A company’s culture is the distinctive, unwritten, informal code of conduct that governs its behaviour, relationships, and style. It is the essence of “the way we do things around here”. In many small companies, culture plays as important a part in gaining a competitive edge as strategy does. Culture has a powerful impact on the way people work together in a business, how they do their jobs, and how they treat their customers.
Company culture manifests itself in many ways – from how workers dress and act to the language they use. For instance, at some companies, the unspoken dress code requires workers to wear suits and tie or dress corporately, but at others employees routinely come to work in jeans and T-shirts.
Although it is an intangible characteristic, a company’s culture has a powerful influence on everyone the company touches, especially its employees. Sustaining a company’s culture begins with the hiring process. Beyond the normal requirements of competitive pay and working conditions, the hiring process must focus on finding employees who share the values of the organization. The process is continuous.
Creating a culture that supports a company’s strategy is no easy task, but entrepreneurs who have been most successful at it believe that having a set of overarching beliefs serves as a powerful guide for everyday action. Culture arises from an entrepreneurs’ consistent and relentless pursuit of a set of core values that everyone in the company can believe in.
As a new generation of employees enters the workforce, companies are discovering that more relaxed, open cultures have an edge in attracting the best workers. These companies embrace non-traditional, fun cultures that incorporate concepts such as casual dress, team-based assignments, telecommuting, flexible work schedules, free meals, company outings, and many other unique options. Modern organizational culture relies on several principles that are fundamental to creating a productive, fun workplace.
Respect for work and life balance: Successful companies recognize that their employees have lives away from work. A study of Generation X workers found that those companies that people most wanted to work for erased the traditional barriers between home life and work-life by making it easier for employees to deal with the pressures they face away from their jobs. These businesses offer flexible work schedules, part-time jobs, job sharing, telecommuting, sabbatical and services.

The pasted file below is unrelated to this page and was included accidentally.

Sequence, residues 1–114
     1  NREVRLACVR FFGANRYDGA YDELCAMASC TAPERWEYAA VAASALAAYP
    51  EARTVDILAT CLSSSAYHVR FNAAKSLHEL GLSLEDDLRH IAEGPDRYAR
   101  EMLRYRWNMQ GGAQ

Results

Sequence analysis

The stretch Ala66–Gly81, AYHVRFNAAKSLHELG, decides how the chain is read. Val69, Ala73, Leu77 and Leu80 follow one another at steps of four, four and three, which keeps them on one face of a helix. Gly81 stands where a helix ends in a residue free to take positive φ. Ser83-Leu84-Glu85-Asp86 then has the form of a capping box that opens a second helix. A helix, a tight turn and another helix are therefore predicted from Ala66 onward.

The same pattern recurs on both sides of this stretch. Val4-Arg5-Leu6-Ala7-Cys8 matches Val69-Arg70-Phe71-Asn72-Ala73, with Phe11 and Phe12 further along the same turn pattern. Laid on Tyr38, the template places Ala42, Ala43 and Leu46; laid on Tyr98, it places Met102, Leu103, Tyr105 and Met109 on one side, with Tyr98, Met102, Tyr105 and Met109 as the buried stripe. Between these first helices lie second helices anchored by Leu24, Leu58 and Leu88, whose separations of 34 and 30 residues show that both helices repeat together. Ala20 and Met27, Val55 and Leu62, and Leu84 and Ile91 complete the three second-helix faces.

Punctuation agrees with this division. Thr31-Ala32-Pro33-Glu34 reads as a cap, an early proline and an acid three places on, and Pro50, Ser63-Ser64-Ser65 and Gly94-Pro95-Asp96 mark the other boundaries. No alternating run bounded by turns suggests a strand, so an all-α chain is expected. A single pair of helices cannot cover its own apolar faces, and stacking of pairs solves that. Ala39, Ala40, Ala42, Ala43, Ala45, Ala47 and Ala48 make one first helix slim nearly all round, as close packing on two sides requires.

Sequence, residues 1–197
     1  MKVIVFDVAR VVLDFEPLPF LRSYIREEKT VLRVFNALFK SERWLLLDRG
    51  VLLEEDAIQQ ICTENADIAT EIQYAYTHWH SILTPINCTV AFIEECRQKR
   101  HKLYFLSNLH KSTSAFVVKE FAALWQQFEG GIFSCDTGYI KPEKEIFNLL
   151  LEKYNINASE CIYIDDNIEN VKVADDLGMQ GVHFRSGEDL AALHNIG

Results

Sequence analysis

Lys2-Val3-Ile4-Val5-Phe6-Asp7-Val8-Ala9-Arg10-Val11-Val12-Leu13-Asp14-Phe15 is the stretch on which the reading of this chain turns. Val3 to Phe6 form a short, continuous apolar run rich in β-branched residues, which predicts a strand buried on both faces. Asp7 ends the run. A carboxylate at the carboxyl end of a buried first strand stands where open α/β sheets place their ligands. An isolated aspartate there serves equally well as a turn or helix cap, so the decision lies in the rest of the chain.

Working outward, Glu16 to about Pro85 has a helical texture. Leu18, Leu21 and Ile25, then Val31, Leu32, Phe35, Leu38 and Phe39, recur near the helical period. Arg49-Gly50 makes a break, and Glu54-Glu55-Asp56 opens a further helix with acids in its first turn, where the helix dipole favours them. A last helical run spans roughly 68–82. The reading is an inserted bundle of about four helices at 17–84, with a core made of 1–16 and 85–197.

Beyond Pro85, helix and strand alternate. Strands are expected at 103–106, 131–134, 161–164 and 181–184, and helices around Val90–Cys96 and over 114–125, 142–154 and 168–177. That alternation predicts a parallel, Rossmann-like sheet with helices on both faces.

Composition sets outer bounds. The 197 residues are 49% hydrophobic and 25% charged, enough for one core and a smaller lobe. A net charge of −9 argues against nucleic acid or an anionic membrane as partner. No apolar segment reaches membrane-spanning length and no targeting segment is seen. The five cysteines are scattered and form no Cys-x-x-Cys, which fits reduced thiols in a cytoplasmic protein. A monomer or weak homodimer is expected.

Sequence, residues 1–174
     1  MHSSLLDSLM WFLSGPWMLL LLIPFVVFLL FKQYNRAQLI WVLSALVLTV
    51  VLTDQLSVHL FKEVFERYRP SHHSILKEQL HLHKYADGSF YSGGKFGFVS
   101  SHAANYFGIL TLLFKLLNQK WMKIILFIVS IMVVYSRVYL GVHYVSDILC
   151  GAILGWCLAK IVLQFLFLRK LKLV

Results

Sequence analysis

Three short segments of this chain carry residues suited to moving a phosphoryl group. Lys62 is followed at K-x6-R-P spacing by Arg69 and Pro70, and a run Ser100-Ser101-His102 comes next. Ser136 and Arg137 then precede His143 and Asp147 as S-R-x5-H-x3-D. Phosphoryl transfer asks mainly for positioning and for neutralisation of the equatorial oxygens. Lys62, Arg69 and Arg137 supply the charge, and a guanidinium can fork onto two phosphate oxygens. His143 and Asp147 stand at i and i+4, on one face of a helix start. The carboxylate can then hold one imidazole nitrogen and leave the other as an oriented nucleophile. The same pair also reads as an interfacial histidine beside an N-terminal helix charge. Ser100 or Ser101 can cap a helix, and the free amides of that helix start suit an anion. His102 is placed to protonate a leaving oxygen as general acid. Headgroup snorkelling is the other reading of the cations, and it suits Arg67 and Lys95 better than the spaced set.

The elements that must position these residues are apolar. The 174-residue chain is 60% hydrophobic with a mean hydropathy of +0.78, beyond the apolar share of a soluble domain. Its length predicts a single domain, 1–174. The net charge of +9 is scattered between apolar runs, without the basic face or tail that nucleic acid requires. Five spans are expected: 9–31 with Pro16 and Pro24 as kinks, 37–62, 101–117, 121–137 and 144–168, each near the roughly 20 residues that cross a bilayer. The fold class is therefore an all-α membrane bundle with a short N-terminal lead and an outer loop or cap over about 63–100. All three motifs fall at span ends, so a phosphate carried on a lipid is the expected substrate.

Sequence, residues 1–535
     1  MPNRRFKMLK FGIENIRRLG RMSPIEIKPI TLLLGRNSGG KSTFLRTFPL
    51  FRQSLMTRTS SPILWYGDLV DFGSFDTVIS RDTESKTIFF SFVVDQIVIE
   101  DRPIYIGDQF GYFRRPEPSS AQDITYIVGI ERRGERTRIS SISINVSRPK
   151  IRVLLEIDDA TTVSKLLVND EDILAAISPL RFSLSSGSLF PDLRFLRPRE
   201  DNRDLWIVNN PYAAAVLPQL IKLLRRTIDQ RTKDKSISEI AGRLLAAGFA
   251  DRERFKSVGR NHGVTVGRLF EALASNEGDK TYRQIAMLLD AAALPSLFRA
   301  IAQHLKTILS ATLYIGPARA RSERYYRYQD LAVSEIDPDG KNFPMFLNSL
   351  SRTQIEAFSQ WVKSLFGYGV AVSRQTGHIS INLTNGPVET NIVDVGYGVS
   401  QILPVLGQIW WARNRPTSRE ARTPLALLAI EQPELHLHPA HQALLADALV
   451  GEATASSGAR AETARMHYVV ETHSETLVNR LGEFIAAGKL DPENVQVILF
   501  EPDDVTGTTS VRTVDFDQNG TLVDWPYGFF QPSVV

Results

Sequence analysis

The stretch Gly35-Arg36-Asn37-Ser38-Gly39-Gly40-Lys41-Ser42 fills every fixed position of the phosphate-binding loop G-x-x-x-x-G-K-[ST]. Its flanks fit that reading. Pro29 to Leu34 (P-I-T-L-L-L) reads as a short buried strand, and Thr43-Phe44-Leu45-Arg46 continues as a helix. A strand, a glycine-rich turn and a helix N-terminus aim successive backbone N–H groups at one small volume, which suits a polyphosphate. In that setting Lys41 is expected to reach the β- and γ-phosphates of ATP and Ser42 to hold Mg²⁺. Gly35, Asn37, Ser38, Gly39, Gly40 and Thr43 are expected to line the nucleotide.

A sense of purpose: One of the most important jobs an entrepreneur faces is defining the company’s vision and then communicating it effectively to everyone the company touches. Effective companies use a strong sense of purpose to make employees feel connected to the company’s mission.
A sense of fun: For some companies, the lines between work and play are blurred. The founders of these businesses see no reason for work and fun to be mutually exclusive. In fact, they believe that a workplace that creates a sense of fun makes it easier to recruit quality workers and encourage them to be more productive and more customer-oriented.
Engagements: Employees who are fully engaged in their work take pride in making valuable contributions to the organization’s success and derive personal satisfaction from doing so. What can managers do to improve employee engagement?
- Constantly communicate the purpose and vision of the organization and why it matters.
- Challenge employees to learn and advance in their careers and give them the resources and the incentives to do so.
- Create a culture that encourages and rewards engagements.
Equality, diversity and inclusiveness: Companies with appealing cultures not only accept cultural diversity in their workforce, but they also embrace it, actively seeking out workers with different backgrounds. Today businesses must recognize that a workforce that has a rich mix of cultural diversity gives a company more talent, skills and abilities from which to draw. For companies to remain relevant in this environment, their workforce must reflect this diversity. Who is better equipped to deal with a diverse, multicultural customer base than a diverse, multicultural workforce?
Integrity: Employees want to work for companies that stand for honesty and integrity. They do not want to check their own personal value systems at the door when they report to work. Indeed, many workers take pride in the fact that they work for companies that are ethical and socially responsible. People want to look for an organization that makes a difference in the world rather than merely making a product or providing a service.
Participative Management: Today’s workers do not respond well to the autocratic management styles of yesteryears. Company owners and managers must learn to trust and empower employees at all levels of the organization to make decisions and to take the actions they need to do their job well.
Learning Environment: Progressive companies encourage and support lifelong learning among the employees. They are willing to invest in their employees, improving their skills and helping them to reach their full potential. These companies are magnets for the best and the brightest young workers, who know that to stay at the top of their fields, they must always be learning.